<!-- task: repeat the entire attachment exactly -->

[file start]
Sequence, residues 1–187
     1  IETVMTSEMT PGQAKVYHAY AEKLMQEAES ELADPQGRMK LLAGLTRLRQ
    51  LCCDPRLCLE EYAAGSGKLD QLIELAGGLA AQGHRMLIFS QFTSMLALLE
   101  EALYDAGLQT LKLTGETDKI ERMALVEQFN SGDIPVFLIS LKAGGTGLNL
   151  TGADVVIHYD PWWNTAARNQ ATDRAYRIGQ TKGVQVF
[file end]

Sequence, residues 1–187
     1  IETVMTSEMT PGQAKVYHAY AEKLMQEAES ELADPQGRMK LLAGLTRLRQ
    51  LCCDPRLCLE EYAAGSGKLD QLIELAGGLA AQGHRMLIFS QFTSMLALLE
   101  EALYDAGLQT LKLTGETDKI ERMALVEQFN SGDIPVFLIS LKAGGTGLNL
   151  TGADVVIHYD PWWNTAARNQ ATDRAYRIGQ TKGVQVF